Ligand--any organic compound for which a receptor naturally exists or can be prepared.
Hapten--a compound capable of binding specifically to corresponding antibodies, but does not itself act as an immunogen (or antigen) for preparation of the antibodies. Antibodies which recognize a hapten can be prepared against compounds comprised of the hapten linked to an immunogenic (or antigenic) carrier. Haptens are a subset of ligands.
Ligand analog--a modified ligand, an organic radical or analyte analog, usually of a molecular weight greater than 100, which can compete with the analogous ligand for a receptor, the modification providing means to join a ligand analog to another molecule. The ligand analog will usually differ from the ligand by more than replacement of a hydrogen with a bond which links the ligand analog to a hub or label, but need not. The ligand analog can bind to the receptor in a manner similar to the ligand. The analog could be, for example, an antibody directed against the idiotype of an antibody to the ligand.
Receptor ("antiligand")--any compound or composition capable of recognizing a particular spatial and polar organization of a molecule, e.g., epitopic or determinant site. Illustrative receptors include naturally occurring receptors, e.g., thyroxine binding globulin, antibodies, enzymes, Fab fragments, lectins, nucleic acids, protein A, complement component C1q, and the like.
Specific binding--the specific recognition of one of two different molecules for the other compared to substantially less recognition of other molecules. Generally, the molecules have areas on their surfaces or in cavities, also referred to as "binding sites," giving rise to specific recognition between the two molecules. Exemplary of specific binding are antibody-antigen interactions, enzyme - substrate interactions, polynucleotide interactions, and so forth.
Non-specific binding--non-covalent binding between molecules that is relatively independent of specific surface structures. Non-specific binding may result from several factors including hydrophobic interactions between molecules.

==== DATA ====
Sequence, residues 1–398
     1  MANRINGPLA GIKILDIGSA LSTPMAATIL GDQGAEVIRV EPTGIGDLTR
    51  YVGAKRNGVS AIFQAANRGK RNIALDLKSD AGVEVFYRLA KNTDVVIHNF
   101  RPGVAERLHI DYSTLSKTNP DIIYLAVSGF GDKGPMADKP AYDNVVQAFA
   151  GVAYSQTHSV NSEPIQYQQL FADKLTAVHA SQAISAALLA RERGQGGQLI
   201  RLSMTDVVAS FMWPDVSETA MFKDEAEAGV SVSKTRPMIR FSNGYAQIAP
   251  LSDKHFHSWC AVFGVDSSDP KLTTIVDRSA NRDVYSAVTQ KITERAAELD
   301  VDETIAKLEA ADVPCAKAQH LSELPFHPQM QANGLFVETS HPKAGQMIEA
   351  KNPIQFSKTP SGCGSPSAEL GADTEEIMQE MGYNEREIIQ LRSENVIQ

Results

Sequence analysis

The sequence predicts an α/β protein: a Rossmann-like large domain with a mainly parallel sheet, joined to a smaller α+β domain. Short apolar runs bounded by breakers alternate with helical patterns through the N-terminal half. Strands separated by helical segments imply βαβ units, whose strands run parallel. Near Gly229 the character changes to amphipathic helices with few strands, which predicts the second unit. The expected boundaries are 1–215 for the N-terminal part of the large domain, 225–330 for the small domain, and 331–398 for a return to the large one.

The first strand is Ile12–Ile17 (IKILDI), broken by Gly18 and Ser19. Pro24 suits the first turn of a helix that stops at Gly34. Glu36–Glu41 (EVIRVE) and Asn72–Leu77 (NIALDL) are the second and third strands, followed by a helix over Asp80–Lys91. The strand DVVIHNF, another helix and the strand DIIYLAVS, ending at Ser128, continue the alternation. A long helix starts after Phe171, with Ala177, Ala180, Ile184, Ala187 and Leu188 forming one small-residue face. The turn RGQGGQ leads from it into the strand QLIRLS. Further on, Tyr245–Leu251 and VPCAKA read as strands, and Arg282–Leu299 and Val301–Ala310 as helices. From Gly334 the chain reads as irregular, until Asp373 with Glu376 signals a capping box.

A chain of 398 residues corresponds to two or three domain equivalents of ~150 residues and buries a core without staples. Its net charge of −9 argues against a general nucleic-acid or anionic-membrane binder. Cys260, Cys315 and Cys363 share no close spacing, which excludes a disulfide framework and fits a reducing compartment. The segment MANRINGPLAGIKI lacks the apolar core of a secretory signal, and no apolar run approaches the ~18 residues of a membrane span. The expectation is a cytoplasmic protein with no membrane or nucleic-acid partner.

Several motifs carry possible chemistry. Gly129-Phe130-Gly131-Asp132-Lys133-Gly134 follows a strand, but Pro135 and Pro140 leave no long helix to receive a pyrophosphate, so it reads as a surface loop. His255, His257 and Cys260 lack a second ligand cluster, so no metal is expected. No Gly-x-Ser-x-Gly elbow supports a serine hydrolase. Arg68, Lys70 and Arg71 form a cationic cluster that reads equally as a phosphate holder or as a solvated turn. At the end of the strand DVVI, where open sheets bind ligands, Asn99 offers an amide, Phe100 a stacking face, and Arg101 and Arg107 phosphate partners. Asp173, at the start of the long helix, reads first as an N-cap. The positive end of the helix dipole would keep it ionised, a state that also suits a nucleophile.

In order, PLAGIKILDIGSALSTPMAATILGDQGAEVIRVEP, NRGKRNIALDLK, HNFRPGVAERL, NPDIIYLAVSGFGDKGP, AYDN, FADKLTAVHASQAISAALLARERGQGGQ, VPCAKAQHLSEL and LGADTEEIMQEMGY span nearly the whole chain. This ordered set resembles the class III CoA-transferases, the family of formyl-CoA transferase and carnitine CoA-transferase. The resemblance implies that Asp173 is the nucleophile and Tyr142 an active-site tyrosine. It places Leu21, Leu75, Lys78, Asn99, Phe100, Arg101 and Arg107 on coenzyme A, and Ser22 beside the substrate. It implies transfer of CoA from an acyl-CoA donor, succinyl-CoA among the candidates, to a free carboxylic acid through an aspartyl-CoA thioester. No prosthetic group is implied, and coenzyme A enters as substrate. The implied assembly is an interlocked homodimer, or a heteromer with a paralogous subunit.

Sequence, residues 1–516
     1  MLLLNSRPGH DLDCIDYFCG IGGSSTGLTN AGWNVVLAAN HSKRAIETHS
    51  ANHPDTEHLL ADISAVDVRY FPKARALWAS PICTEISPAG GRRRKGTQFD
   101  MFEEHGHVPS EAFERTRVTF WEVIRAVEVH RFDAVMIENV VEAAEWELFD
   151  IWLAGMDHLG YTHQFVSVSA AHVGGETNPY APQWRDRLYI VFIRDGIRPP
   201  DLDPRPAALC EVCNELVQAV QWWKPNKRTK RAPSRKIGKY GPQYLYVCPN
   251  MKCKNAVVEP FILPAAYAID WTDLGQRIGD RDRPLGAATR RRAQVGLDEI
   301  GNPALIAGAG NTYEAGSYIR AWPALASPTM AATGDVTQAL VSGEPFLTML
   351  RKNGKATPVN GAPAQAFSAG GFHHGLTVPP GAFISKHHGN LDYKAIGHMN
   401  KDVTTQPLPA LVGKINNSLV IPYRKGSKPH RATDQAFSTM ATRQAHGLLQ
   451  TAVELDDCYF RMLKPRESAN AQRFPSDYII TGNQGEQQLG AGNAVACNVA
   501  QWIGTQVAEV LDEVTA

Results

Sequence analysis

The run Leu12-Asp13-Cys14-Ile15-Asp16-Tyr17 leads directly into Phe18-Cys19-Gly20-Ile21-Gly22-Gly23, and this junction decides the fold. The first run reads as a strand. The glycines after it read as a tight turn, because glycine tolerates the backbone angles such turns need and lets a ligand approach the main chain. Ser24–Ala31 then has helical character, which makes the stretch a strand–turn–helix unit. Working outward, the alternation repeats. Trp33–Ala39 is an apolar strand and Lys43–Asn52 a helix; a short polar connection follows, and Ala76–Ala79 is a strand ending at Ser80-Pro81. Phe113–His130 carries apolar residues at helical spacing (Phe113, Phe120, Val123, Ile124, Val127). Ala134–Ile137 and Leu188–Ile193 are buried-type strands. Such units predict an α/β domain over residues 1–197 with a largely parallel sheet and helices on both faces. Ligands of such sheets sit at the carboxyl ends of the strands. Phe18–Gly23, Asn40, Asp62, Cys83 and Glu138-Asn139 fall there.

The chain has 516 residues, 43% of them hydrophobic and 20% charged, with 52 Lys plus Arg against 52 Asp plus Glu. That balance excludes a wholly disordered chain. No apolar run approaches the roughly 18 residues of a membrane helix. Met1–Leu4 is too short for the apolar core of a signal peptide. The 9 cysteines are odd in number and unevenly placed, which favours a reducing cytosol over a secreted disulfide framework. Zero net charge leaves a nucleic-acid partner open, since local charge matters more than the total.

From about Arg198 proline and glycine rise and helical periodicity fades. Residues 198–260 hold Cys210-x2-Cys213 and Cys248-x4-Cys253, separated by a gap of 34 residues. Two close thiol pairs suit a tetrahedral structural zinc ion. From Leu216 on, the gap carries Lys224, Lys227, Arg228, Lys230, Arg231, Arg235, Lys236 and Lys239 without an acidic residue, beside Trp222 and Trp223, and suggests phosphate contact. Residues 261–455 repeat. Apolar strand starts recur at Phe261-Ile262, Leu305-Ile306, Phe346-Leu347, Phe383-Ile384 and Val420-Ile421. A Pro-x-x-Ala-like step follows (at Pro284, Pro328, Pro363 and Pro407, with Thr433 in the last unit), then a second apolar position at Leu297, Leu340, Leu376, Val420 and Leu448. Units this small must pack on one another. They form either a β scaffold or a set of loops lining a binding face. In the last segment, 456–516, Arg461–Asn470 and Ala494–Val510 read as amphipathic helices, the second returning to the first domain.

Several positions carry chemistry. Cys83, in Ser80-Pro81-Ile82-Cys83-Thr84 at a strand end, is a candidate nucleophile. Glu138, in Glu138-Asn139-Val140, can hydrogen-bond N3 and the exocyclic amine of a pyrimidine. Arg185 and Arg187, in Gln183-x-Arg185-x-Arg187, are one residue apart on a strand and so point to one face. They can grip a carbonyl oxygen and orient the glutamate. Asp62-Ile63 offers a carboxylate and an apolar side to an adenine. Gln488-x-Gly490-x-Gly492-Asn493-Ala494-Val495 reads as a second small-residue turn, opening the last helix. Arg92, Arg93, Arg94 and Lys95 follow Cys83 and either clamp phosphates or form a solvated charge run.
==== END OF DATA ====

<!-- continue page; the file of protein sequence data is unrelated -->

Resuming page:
Antibody--an immunoglobulin which specifically binds to and is thereby defined as complementary with a particular spatial and polar organization of another molecule. The antibody can be monoclonal or polyclonal and can be prepared by techniques that are well known in the art such as immunization of a host and collection of sera (polyclonal) or by preparing continuous hybrid cell lines and collecting the secreted protein (monoclonal), or by cloning and expressing nucleotide sequences or mutagenized versions thereof coding at least for the amino acid sequences required for specific binding of natural antibodies. Antibodies may include a complete immunoglobulin or fragment thereof, which immunoglobulins include the various classes and isotypes, such as IgA, IgD, IgE, IgG1, IgG2a, IgG2b and IgG3, IgM, etc. Fragments thereof may include Fab, Fv and F(ab')2, Fab', and the like. In addition, aggregates, polymers, and conjugates of immunoglobulins or their fragments can be used where appropriate so long as binding affinity for a particular molecule is maintained.
Substituted--means that a hydrogen atom of a molecule has been replaced by another atom, which may be a single atom such as a halogen, etc., or part of a group of atoms forming a functionality as described above. Such substituent may be a group or functionality imparting hydrophilicity or lipophilicity. Hydrophilicity may be achieved by a functional group having a sulfonate, sulfate, phosphate, amidine, phosphonate, carboxylate, hydroxyl particularly polyols, amine, ether, amide, and the like. Illustrative functional groups are carboxyalkyl, sulfonoxyalkyl, CONHOCH2 COOH, CO-(glucosamine), sugars, dextran, cyclodextrin, SO2 NHCH2 COOH, SO3 H, CONHCH2 CH2 SO3 H, PO3 H2, OPO3 H2, hydroxyl, carboxyl, ketone, and combinations thereof. Lipophilicity may be achieved by a functional group such as carbon atoms substituted with hydrogen or halogen and can include alkyl, alkylidene, aryl and aralkyl. The lipophilic group or functionality will normally have one to six straight or branched chain aliphatic groups of at least 6 carbon atoms, more usually at least 10 carbon atoms, and preferably at least 12 carbon atoms, usually not more than 30 carbon atoms.
Support or surface--a solid phase, typically a support or surface, which is a porous or non-porous water insoluble material that can have any one of a number of shapes, such as strip, rod, plate, well, particle or bead. A wide variety of suitable supports are disclosed in Ullman, et al. U.S. Pat. No. 5,185,243, columns 10-11, Kurn, et al., U.S. Pat. No. 4,868,104, column 6, lines 21-42 and Milburn, et al., U.S. Pat. No. 4,959,303, column 6, lines 14-31, which are incorporated herein by reference.